A giant Tetris block has landed in Powell Gardens, a large botanical garden an hour drive outside of Kansas City, Missouri. MIRRORRORRIM, designed and built by Kansas City-based firm 360 Architecture, is a modular stacking of bright, lime green, cedar cubes, forming a T-shape on the ground with a vertical tower rising above the crossing point. The wooden structure is layered over on some sides with perforated stainless steel panels.
Try selling one Japanese garden, and all hell breaks loose. That’s what UCLA is discovering after announcing plans to sell the UCLA Hannah Carter Japanese Garden in Bel-Air, which it has owned for more than 50 years, since 1964. The property also contains a lovely Georgian Colonial house and a traditional Japanese tea house.
UCLA claims that the move is necessary due to budget cuts (the site costs over $100,000 a year to maintain, it says), and because the property serves no academic or research purposes. But garden and architecture lovers fear that the site—regarded as one of the nation’s preeminent postwar gardens—will be in jeopardy if it transfers hands. UCLA says it hopes to find a responsible owner. We’ll see how this shakes out.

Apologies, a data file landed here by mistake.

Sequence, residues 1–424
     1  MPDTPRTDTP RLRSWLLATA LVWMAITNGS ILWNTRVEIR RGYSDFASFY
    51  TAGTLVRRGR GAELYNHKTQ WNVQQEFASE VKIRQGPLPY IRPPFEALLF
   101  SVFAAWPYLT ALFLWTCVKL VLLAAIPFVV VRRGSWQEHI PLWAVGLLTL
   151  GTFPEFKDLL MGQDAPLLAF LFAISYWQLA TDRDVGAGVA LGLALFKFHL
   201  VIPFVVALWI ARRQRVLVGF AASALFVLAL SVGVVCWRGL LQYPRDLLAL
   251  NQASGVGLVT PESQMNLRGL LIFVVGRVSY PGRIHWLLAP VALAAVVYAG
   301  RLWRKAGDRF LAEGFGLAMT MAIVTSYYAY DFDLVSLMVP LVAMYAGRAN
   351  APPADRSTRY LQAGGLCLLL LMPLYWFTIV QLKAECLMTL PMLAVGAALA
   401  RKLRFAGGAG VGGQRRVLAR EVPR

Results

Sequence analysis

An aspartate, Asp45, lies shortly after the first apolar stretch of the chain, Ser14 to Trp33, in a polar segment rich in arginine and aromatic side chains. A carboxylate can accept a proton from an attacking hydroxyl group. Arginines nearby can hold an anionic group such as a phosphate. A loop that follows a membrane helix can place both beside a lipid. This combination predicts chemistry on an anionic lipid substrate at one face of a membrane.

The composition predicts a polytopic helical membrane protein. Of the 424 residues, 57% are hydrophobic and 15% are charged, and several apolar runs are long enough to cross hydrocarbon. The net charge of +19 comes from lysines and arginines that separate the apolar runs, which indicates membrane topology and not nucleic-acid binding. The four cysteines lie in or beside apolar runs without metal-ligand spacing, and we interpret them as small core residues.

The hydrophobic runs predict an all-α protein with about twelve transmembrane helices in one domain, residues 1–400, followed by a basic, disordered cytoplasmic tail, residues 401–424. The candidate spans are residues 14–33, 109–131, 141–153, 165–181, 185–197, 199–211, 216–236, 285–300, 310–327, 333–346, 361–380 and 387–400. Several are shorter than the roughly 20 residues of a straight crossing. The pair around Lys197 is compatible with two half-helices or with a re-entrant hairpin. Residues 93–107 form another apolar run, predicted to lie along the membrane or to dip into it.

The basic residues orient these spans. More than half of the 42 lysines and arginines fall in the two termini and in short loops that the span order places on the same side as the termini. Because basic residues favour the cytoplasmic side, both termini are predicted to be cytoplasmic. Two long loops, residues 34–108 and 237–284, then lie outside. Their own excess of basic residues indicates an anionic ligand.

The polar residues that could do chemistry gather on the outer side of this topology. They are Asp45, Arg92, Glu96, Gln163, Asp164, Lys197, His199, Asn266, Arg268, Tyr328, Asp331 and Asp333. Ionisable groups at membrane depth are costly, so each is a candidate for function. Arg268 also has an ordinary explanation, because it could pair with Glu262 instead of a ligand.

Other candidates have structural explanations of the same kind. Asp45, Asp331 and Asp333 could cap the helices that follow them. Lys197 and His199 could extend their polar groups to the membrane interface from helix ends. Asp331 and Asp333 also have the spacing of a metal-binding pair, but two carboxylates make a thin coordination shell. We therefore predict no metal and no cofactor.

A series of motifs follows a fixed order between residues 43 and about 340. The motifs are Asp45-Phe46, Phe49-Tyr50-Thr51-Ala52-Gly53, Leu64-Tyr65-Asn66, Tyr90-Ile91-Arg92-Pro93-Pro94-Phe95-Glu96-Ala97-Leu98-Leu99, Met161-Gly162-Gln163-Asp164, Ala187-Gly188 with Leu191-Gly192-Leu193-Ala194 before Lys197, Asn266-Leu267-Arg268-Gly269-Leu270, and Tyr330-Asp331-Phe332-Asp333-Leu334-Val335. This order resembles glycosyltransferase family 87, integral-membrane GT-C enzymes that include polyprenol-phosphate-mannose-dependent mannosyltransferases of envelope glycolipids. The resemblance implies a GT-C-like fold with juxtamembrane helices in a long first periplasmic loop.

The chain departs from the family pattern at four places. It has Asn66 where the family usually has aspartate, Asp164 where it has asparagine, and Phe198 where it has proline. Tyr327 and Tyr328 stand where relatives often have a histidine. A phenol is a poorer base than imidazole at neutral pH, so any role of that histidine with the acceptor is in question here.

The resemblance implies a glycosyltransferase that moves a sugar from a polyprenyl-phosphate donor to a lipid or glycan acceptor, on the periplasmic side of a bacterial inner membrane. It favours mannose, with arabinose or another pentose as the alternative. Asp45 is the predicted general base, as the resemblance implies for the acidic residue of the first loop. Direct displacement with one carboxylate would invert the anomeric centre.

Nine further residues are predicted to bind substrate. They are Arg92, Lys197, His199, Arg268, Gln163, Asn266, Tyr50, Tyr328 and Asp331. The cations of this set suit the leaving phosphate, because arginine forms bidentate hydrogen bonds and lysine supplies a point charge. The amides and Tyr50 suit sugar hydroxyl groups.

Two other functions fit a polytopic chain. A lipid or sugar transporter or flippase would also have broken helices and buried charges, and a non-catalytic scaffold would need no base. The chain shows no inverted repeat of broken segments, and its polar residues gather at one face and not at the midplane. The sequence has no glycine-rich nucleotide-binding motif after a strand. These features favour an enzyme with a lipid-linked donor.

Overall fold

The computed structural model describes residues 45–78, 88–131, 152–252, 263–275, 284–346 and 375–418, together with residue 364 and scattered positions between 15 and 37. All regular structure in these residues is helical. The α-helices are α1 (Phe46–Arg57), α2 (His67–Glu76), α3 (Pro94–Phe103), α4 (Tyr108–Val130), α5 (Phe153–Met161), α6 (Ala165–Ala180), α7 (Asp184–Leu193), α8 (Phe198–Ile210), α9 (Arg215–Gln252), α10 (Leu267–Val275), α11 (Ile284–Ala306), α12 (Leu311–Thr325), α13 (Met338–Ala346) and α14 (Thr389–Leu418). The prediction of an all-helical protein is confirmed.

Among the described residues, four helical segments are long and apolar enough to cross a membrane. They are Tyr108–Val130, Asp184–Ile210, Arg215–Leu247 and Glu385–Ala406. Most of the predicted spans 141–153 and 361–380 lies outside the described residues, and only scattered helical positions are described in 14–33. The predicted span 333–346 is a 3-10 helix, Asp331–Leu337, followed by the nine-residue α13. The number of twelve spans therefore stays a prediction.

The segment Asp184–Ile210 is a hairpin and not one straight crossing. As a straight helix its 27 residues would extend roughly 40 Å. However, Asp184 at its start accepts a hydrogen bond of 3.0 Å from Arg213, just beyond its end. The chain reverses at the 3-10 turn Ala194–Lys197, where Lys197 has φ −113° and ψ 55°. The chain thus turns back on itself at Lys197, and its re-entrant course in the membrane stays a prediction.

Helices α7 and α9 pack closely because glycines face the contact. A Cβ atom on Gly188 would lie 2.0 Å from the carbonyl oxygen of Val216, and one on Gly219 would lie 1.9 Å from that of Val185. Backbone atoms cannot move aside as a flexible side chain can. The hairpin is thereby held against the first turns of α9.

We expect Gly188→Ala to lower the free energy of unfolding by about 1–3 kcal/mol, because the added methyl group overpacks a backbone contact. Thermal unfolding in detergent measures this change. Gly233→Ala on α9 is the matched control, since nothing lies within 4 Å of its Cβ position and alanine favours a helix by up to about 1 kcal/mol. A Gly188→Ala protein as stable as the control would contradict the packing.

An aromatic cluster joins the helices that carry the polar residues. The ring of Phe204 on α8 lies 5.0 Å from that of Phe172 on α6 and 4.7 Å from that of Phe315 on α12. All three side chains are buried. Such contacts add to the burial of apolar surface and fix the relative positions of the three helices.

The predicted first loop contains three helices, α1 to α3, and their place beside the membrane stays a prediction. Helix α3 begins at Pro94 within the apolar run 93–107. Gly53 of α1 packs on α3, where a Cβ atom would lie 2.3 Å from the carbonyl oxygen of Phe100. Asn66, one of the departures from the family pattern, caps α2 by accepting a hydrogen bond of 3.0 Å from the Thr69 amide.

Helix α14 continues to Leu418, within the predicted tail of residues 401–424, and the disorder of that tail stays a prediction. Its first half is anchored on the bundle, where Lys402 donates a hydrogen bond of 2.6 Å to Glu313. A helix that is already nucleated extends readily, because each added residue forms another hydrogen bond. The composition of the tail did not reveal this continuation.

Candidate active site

This year’s Serpentine pavilion by Swiss architect Peter Zumthor opens on Friday, July 1. The first images reveal not just a simple structure of humble materials but also a new type of collaboration for the Serpentine series. Zumthor invited the Dutch planting designer Piet Oudolf to join the project, and although Zumthor retains top billing, his design gives Oudolf center stage. Oudolf recently shared a plan with us of his vibrant garden scheme that forms the heart of the timber-frame structure.